Mall Vacancies At Dot-Com Crash Levels

Check out just how badly commercial real estate is faring in this so-called recovery:

Mall vacancies hit their highest level in at least 11 years in the first quarter, new figures from real-estate research company Reis Inc. showed. In the top 80 U.S. markets, the average vacancy rate was 9.1%, up from 8.7%.

I guess all of those job seekers who’ve left the workforce (according to the government’s figures citing an “improving” job picture) shouldn’t waste time sending resumes to mini-mall owners.  The U.S. hasn’t seen vacancy rates like those since the dot-com recession of 2000-2002 or so.  Developers built too many mini-malls in unsustainable exurban areas that will someday be farmland again.

This kind of market is terrific for investors seeking bargain properties but horrible for mortgage note investors.  Note holders will be left holding the bag if mall owners default.  PIMCO doesn’t agree and intends to launch a REIT focused on CMBS. That may be the wrong move in this environment.  Instead of throwing my money at PIMCO, I’d rather watch the foreclosure listings in my area to see if any desirable properties are coming up for auction.

Nota bene:  No positions in real estate or PIMCO products at this time.

About Anthony Alfidi 128 Articles

Affiliation: Alfidi Capital LLC

Anthony Alfidi is the Founder and CEO of Alfidi Capital. His firm publishes free investment research with honesty and humor.

Mr. Alfidi holds a Bachelor's degree in human resource management from the University of Notre Dame (cum laude) and an MBA in finance from the University of San Francisco. He is a life member of Beta Gamma Sigma, the academic honor society for business majors. He has been a private investor since the 1990s.

1 Comment on Mall Vacancies At Dot-Com Crash Levels

  1. Hello,

    My name is Chris Macke and I am Senior Real Estate Strategist at the CoStar Group. Our data reflects a very different picture regarding malls.

    The difference is likely due to the fact that with more than 900 researchers we use a census method versus Reis sampling method. I don’t know how many researchers Reis has.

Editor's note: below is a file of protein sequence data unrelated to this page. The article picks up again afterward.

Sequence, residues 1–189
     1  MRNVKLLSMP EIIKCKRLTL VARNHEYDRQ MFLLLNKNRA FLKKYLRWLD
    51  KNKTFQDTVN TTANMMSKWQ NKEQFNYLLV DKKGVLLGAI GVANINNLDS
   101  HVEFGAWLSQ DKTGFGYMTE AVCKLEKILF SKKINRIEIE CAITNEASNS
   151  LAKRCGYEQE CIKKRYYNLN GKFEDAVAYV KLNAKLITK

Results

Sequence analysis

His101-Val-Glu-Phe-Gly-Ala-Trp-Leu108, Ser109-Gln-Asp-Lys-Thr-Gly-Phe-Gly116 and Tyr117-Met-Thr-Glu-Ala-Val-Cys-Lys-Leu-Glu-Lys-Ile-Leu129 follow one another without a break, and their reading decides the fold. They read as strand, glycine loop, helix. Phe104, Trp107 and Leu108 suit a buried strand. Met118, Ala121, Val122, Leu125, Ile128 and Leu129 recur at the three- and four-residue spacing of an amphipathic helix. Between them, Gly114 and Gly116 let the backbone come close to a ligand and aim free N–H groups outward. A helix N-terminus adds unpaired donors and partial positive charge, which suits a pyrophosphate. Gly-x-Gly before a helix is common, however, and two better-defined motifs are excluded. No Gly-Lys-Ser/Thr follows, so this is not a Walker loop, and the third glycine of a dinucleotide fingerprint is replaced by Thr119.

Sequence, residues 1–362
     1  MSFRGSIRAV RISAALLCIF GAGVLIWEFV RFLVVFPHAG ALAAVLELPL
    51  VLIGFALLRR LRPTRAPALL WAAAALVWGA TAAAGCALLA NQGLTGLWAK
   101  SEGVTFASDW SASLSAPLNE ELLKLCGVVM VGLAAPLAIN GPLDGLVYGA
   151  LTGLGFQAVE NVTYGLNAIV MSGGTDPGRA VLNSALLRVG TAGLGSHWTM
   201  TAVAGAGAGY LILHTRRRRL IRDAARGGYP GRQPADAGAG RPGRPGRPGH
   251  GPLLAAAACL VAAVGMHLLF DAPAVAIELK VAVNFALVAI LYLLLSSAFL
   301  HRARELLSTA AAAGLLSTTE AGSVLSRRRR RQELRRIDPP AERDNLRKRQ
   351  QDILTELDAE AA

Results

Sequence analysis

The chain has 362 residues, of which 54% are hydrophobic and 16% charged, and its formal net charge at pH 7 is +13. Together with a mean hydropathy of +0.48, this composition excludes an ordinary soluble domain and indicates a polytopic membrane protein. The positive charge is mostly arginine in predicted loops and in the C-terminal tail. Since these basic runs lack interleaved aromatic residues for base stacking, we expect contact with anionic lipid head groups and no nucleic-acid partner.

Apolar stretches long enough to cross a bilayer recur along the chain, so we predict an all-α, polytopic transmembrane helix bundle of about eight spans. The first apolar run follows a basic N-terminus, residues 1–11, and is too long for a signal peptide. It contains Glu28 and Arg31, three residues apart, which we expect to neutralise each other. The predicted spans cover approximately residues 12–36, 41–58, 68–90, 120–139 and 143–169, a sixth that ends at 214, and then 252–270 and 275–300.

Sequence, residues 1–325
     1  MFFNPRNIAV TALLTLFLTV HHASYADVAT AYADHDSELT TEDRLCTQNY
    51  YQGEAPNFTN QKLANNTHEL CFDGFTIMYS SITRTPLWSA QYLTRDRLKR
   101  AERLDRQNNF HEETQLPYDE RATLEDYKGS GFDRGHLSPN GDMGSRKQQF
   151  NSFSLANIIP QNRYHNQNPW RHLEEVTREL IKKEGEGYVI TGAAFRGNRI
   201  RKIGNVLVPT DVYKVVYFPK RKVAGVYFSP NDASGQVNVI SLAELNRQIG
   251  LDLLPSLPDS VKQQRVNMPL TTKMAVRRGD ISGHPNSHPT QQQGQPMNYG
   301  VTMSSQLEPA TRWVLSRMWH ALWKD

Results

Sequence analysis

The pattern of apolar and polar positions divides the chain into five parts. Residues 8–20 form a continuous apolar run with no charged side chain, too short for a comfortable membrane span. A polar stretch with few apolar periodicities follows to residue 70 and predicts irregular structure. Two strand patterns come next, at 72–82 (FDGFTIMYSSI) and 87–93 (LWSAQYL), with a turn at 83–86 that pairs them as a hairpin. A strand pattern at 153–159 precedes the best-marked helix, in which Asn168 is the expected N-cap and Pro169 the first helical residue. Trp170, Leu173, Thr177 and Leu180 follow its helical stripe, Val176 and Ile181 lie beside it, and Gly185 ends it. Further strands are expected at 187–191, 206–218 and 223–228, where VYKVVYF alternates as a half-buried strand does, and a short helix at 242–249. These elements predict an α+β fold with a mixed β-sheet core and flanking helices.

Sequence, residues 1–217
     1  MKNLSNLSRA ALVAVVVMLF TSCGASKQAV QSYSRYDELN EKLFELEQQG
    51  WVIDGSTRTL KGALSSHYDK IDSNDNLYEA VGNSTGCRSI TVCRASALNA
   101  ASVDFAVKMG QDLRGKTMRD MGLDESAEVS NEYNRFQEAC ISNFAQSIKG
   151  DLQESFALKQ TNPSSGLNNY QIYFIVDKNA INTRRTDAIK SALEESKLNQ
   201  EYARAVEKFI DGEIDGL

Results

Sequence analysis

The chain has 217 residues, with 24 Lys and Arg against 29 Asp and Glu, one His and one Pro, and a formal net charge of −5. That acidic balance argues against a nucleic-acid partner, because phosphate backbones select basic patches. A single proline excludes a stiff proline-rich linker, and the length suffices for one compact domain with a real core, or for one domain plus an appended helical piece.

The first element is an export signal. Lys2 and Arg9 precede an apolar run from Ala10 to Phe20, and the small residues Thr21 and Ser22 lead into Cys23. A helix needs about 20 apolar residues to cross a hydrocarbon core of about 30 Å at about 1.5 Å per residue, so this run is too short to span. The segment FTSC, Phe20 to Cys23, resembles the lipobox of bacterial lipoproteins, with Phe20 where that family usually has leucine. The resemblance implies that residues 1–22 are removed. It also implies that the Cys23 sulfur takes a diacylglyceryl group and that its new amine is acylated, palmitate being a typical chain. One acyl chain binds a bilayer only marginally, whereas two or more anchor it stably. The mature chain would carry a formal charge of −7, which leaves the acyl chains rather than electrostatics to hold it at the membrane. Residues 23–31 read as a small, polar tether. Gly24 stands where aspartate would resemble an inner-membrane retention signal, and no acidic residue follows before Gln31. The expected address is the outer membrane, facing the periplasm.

We documented that mall vacancy rates have actually been decreasing now for three consecutive quarters and that asking rental rates actually increased in the first quarter. This makes sense as malls haven’t been impacted by the Borders, Linens or Circuit City bankruptcies nearly to the degree that non-mall retail centers have been. Additionally, mall development from 2000 to 2009 was less than half of what it was in the 1970’s while non-mall retail development acclerated. So non-mall retail is where the supplyl problem was, not malls.

    Again, why such a different view from Reis’ data? Reis samples the mall inventory while we use a census method which means we don’t have to estimate or extrapolate the results of a portion of the market to estimate how the larger market is performing.

    It is also important to look at how many malls Reis covers in their data-set as well. If they are using a smaller dataset while with more than 900 researchers we endeavor to track the entire pool of malls that also would impact the data and resulting view of the market.

    Lastly, if Reis lumps Lifestyle Centers in with its malls that would provide a more negative view of “malls” as it is the lifestyle centers that have suffered the most as they were the ones that were aggressively developed during the last cycle.

    I hope this helps your readership understand that there are differences in how the data is collected i.e. census versus sampling, to evaluate the resources each firm has available to collect the data and as a result that the datasets that the performance reflects could be significantly different.


    Chris Macke

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